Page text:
A Focus On Nature

Advent Calendar

4th – Bottlenose Dolphin

Championed by Beth Aucott

Tursiops truncatus

When A Focus On Nature asked for pieces for their advent wildlife calendar, I jumped at a chance to represent a mammal that I’ve had a lifelong love for: the bottlenose dolphin.

I’ve always had a soft spot for the dolphin since reading stories about them as a child and watching them on documentaries. Who can’t recognise their intelligent gaze or slight smile? The bottlenose dolphin is the most well known and recognised dolphin species. It’s sleek powerful body is perfectly evolved to be a fearsome hunter or graceful acrobat. Any documentary covering ocean life is bound to contain footage of them hunting as a pod or play audio of their squeaks and clicks.

I’ve always been aware of their basic biology and ecology; I must have learnt it somewhere, somehow, yet it often feels like something I just know. At university I was given the chance to do a piece of literature based research on a topic of our choice. I chose to look at cetacean intelligence and social behaviour, with a particular focus on bottlenose dolphins. It is those areas that really make the bottlenose stand out for me and make it deserving of a place as a top British species.

© Beth Aucott 2013

© Beth Aucott 2013

Bottlenose dolphins have large brains relative to body size; just like humans. The most favoured theory is that these large brains evolved as a consequence of living within social groups. Bottlenose social structure is complex and dynamic; often described as fission-fusion society. Individuals live in small groups in which numbers are often dependent on the sex and age of the animal. These groups interact with other groups to different degrees with changing circumstances, such as hunting or mating.

Living in a social group bottlenose dolphins need a way to communicate. They do this through the use of sound with whistles, clicks, squeaks and body slamming on the water surface but also through non verbal means; with the use of body posture, jaw clicking and bubble blowing. Different populations have been found to have separate dialects. Each dolphin also has a unique signature whistle which is used to identify themselves; a dolphins name if you will.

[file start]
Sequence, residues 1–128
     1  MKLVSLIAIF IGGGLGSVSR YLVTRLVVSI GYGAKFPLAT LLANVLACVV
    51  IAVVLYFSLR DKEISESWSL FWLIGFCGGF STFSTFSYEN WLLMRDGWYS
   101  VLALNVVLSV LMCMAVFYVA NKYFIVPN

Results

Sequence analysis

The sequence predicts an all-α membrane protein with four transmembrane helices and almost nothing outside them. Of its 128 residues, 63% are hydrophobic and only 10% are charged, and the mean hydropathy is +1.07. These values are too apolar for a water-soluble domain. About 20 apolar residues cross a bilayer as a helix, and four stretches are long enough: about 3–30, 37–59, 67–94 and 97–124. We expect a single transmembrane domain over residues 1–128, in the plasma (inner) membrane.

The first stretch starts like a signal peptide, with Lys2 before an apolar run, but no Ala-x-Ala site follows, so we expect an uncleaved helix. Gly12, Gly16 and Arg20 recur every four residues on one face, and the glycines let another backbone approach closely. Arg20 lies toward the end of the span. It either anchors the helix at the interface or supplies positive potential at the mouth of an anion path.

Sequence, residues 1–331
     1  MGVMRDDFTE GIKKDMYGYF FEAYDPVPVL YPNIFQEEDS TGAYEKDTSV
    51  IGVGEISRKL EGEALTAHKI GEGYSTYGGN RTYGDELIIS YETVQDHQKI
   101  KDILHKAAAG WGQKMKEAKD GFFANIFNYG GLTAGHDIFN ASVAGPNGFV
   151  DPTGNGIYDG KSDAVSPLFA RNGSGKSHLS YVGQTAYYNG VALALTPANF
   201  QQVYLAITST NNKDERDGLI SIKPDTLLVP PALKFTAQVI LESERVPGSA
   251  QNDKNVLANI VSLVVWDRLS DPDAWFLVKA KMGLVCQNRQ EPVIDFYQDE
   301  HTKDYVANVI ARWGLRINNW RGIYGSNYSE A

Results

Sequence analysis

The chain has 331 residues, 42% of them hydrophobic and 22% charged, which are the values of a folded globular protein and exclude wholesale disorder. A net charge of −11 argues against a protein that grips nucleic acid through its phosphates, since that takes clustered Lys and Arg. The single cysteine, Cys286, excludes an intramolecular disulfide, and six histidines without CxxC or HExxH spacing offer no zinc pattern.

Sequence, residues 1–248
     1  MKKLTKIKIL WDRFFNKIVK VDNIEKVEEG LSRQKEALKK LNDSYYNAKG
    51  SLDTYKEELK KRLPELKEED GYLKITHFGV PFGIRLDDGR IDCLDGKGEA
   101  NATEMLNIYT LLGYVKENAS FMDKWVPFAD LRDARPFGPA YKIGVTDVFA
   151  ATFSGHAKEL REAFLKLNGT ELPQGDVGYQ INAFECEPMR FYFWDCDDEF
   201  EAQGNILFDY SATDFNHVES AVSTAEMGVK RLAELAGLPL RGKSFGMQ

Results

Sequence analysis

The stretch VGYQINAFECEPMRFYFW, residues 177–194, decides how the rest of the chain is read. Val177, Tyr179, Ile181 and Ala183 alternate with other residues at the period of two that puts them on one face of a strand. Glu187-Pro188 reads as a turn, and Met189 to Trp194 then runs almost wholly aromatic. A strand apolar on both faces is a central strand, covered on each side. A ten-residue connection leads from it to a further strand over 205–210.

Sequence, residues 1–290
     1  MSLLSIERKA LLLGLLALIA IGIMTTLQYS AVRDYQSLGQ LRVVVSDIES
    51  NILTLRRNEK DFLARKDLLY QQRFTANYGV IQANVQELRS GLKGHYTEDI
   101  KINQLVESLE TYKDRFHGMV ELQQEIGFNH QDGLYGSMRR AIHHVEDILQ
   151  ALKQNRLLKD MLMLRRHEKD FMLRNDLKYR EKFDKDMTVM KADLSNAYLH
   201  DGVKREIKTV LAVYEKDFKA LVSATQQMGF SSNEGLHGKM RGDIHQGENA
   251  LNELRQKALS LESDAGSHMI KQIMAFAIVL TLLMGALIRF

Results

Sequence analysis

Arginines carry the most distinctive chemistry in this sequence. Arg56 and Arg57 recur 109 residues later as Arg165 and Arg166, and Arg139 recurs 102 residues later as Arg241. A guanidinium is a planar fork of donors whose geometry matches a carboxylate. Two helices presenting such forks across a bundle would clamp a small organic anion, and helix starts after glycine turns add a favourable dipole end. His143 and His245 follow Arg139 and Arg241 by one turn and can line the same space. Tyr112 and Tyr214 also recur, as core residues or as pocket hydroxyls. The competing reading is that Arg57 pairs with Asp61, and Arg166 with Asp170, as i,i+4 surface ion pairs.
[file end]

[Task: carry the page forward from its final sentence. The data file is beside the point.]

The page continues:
They are also considered extremely intelligent, being capable of self recognition and complex problem solving. Certain populations of bottlenose dolphins have been observed using tools, and then passing the knowledge of this tool use on to new generations. They’ve developed hunting stratergies particular to geographical locations and have even been observed working with human fishermen.

Having names, culture and a complex social life make dolphins strikingly similar to humans. I think that may be what draws us to them; there is no denying the intelligence in their eyes. We are so similar and yet so different; we envy their freedom beneath the waves, unhampered by the burdens that can so often weigh us down.

At this point I have a small confession to make; I have yet to see a wild bottlenose dolphin! It’s high up on my wildlife to see list but something I haven’t quite managed at this point in time. Despite all that I think it’s beauty and intelligence make it a more than worthy candidate for a spot as a top British species.


Beth AucottBeth takes an active interest in the science and ecology behind nature conservation; she has graduated with an MSci in Zoology from the University of Nottingham. She currently volunteers for the Wildlife Trusts, and hopes to work in research or practical conservation.

Her blog can be found here: bethaucott.wordpress.com